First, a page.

US generic pharma industry basics explained
This primer is our attempt to explain, in a somewhat simplified manner, the
complicated workings of the US generic pharma industry. We outline the processes
involved in getting a small-molecule generic product to the market in the US; such
products typically have no unique brand names. We also address biosimilars briefly.
We do not address individual companies/quantify future industry opportunities here.
Hatch-Waxman spawned the modern US generics industry
This Act (1984) allowed a generic to rely on FDA’s previous finding of safety and efficacy of the brand and not have to repeat extensive clinical testing, ie, generics
could use an abbreviated new drug application (ANDA) pathway. Among other
things, the Act enables generics to begin development prior to brand patent expiry,
and rewards generics for successfully challenging patents by awarding 180-day
exclusivity to first filers. At the same time, it also awards exclusivities to brands, and
allows brands to reclaim some patent time lost during development.
Vaulting over regulatory and legal hurdles for approval
From an FDA standpoint, a generic has to prove that its product is bioequivalent or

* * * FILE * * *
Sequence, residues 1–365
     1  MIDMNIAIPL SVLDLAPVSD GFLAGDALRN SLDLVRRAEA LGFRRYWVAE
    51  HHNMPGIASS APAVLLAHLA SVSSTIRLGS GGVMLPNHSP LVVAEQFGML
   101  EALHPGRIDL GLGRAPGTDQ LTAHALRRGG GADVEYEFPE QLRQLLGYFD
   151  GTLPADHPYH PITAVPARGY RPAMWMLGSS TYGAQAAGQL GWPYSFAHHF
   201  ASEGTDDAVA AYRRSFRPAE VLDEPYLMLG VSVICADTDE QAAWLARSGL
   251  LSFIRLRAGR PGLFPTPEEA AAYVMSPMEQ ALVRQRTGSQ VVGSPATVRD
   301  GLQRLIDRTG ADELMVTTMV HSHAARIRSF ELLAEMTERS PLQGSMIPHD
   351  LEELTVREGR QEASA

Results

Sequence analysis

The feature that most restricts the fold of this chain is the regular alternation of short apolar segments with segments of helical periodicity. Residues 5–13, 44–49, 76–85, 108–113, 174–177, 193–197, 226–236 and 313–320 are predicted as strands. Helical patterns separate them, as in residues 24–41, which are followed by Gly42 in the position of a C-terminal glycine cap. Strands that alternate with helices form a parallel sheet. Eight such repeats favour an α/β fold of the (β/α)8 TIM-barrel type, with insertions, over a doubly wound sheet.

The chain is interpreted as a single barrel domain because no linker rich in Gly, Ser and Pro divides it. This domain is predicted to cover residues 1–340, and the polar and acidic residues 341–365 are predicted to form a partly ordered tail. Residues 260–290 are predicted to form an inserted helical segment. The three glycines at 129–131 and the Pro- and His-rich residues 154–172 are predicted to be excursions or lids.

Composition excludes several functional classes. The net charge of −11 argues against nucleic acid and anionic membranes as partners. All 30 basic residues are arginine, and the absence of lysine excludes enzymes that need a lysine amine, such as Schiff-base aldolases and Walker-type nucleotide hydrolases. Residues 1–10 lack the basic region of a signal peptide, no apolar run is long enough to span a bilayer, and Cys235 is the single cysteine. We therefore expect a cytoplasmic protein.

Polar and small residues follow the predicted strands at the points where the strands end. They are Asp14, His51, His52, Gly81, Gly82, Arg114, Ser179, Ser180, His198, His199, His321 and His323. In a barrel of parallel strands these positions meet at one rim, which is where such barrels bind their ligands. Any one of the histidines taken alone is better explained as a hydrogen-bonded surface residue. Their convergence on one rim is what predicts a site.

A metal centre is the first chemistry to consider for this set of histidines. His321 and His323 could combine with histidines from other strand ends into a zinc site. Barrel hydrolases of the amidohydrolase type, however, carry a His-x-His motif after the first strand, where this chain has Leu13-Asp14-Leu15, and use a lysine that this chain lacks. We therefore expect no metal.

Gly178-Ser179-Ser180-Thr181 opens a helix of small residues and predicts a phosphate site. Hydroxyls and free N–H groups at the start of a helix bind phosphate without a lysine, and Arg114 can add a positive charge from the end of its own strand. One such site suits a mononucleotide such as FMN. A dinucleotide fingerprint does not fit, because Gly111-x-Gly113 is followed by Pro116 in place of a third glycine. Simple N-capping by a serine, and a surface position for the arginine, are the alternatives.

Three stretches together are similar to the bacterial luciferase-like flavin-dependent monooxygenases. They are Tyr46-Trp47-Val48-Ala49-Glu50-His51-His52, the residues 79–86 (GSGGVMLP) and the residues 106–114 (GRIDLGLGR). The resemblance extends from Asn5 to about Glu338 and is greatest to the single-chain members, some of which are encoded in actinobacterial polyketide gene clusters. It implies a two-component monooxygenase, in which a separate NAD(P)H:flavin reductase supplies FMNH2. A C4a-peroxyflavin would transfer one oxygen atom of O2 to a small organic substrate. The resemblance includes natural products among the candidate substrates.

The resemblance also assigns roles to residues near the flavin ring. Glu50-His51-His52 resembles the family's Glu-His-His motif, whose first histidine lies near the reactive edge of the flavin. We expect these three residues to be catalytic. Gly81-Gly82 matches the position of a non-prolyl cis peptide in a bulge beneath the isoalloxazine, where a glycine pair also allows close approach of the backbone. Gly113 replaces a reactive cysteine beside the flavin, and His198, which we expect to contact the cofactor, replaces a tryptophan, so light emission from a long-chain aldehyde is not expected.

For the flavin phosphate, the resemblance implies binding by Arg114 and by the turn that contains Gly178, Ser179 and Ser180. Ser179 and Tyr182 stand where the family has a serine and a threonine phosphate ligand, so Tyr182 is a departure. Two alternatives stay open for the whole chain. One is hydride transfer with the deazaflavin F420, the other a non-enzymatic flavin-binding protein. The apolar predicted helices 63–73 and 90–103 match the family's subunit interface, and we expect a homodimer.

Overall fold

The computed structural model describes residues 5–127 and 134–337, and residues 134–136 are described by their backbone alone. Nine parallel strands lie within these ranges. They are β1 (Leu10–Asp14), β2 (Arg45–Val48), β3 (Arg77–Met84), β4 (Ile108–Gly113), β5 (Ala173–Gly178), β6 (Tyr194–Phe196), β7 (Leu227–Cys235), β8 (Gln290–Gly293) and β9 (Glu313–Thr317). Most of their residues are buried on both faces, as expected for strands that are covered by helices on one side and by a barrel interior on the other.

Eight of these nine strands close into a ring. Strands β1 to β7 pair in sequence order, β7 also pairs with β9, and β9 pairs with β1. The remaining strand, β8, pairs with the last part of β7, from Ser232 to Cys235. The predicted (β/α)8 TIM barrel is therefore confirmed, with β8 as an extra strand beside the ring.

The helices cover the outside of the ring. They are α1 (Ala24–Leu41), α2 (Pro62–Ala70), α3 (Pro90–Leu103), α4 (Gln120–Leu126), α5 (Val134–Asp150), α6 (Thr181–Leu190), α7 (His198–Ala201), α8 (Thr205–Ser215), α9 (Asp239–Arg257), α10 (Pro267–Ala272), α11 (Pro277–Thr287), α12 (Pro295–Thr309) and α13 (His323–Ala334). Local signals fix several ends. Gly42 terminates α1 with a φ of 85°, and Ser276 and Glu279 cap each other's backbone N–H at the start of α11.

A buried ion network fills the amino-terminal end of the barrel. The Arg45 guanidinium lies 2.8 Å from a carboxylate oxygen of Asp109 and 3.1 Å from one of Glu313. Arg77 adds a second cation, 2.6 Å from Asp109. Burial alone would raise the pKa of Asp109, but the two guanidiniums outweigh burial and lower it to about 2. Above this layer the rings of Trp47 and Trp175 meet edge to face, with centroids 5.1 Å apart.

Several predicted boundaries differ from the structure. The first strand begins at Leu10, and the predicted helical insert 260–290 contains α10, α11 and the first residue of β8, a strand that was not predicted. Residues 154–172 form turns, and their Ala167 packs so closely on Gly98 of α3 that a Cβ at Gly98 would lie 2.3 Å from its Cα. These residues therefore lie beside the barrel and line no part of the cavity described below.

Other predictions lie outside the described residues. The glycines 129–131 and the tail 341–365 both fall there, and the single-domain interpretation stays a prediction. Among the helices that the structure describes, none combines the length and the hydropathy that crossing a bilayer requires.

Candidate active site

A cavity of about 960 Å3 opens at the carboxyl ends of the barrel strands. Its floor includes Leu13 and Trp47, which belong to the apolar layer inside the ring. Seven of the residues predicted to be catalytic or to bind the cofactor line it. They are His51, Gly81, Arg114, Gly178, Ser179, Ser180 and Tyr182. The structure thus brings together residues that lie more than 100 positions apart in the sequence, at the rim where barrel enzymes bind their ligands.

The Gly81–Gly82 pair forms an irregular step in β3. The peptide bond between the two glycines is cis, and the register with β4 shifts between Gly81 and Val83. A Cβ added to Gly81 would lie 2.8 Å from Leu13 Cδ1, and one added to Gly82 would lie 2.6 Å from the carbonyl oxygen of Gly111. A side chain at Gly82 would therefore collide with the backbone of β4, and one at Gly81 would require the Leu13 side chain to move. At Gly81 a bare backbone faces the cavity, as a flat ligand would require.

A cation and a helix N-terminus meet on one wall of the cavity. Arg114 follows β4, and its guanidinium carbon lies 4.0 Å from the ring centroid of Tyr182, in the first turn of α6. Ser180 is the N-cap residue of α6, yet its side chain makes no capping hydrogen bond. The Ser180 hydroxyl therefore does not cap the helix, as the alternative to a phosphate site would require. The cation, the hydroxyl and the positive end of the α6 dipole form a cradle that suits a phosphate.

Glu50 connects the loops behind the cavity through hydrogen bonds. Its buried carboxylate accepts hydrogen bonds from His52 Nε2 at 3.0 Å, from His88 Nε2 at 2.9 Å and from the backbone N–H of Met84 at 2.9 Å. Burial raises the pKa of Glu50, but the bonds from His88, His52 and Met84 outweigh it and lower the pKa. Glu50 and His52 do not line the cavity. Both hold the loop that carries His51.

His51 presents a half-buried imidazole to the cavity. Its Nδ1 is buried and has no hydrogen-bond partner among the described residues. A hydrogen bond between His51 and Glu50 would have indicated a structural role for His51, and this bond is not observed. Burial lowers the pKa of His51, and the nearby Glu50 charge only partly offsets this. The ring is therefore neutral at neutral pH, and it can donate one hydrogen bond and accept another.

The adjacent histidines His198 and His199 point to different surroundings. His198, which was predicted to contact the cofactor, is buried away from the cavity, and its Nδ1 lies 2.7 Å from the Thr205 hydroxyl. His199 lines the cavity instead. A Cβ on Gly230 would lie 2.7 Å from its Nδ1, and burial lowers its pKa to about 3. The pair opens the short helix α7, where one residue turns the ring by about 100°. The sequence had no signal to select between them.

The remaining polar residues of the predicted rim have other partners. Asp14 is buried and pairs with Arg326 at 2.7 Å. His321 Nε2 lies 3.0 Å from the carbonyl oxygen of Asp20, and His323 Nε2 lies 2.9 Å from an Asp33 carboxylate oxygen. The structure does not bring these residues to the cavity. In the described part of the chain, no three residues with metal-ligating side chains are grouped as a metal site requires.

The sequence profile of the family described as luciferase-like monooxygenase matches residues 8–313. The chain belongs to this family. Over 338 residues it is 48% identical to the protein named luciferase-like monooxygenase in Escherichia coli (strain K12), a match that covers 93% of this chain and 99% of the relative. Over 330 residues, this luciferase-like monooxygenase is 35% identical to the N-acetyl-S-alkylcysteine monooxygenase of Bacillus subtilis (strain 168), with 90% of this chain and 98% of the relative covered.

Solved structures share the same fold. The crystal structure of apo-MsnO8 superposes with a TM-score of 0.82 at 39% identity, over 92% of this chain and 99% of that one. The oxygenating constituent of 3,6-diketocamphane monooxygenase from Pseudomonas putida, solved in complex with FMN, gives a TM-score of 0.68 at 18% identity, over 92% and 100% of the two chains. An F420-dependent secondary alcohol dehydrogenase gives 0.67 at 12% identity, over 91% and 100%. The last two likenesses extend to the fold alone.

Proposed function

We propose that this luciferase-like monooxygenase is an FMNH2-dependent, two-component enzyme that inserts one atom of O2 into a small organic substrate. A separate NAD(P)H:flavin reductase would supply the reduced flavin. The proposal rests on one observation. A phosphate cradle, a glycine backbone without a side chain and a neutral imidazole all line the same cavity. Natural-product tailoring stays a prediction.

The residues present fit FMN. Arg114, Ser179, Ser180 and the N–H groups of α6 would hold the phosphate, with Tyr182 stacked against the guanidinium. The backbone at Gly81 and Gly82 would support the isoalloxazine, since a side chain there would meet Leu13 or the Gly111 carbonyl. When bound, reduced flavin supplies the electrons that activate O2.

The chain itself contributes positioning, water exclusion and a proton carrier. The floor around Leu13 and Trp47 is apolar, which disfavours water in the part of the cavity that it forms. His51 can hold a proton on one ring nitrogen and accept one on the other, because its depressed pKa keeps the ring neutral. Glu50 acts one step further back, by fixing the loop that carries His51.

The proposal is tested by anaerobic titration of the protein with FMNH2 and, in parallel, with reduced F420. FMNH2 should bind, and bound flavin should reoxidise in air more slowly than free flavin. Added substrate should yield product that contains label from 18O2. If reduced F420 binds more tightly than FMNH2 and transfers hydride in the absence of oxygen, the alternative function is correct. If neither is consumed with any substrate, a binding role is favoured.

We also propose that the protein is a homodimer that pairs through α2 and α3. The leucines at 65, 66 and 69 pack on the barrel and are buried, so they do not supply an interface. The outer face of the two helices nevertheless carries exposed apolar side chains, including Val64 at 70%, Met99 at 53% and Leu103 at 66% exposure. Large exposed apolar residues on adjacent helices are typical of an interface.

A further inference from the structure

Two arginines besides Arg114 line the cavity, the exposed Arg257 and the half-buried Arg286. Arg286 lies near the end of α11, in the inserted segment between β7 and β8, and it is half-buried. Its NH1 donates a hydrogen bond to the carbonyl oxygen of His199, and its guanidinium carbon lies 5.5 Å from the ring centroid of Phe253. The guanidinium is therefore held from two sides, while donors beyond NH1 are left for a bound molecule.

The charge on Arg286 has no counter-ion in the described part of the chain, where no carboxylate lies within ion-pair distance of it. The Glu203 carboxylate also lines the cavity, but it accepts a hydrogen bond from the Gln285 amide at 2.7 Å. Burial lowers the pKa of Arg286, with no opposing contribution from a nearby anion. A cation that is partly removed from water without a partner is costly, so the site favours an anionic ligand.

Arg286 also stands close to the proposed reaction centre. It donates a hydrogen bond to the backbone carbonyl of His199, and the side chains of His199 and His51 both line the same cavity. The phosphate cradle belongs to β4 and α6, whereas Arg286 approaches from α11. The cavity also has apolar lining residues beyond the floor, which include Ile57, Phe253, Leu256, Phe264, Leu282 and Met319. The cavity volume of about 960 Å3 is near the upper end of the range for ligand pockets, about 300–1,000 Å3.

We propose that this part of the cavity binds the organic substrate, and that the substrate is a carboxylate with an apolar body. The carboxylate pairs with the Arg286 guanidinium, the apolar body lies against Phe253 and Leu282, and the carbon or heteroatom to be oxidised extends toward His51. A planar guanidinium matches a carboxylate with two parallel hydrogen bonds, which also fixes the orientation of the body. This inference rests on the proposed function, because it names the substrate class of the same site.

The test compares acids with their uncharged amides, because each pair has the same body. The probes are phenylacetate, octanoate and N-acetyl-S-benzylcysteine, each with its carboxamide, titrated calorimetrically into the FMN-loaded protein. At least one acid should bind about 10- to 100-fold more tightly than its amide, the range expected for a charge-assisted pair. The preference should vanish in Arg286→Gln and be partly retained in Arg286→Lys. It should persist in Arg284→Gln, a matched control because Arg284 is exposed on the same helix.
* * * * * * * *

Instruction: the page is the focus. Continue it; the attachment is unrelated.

has the same therapeutic effect (within statistical variability) as the brand. From a
legal standpoint, attempting to bring a generic to the market before a brand’s
patents expire triggers litigation, which can be a lengthy/complicated process.
Sometimes, brand-generic settlements help resolve patent litigation. Separately,
Citizen Petitions (CPs) filed by branded companies (or affiliates) are used as a tactic
in some instances to delay generics from getting to the market.
Substitution, demographics, economics drive utilization
In the US, generic drugs are significantly cheaper than their branded counterparts
and enjoy mandatory substitution, which ensures usage. Generics made up roughly
80% of all prescriptions in 2014 (per IMS), but we note generic penetration is
usually well north of 90% for molecules where generics are available. An aging
population and a healthcare system that is increasingly focused on cost-cutting
further drive utilization. Moreover, other supply chain components (distributors,
pharmacy benefit managers, payers) actively participate in driving up generic use as
they stand to gain more dollars from generic products vs. brands.
Will GDUFA result in faster generic product approvals?
The Generic Drug User Fee Amendments of 2012 (GDUFA) was enacted to
address the backlog of pending ANDAs, reduce ANDA review times, and increase
facility inspections globally. Implementation is ongoing and the industry appears to
be cautiously optimistic on GDUFA’s potential ability to shorten approval timelines.
BPCI Act paved the way, biosimilars landscape evolving
Biologics are becoming an increasingly meaningful portion of the market (~23% of
the total IMS market in 2014, growth outpacing traditional pharma). Future growth of
generic pharma will be increasingly tied to biosimilars (copies of biologic brands)
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Date: May 8, 2015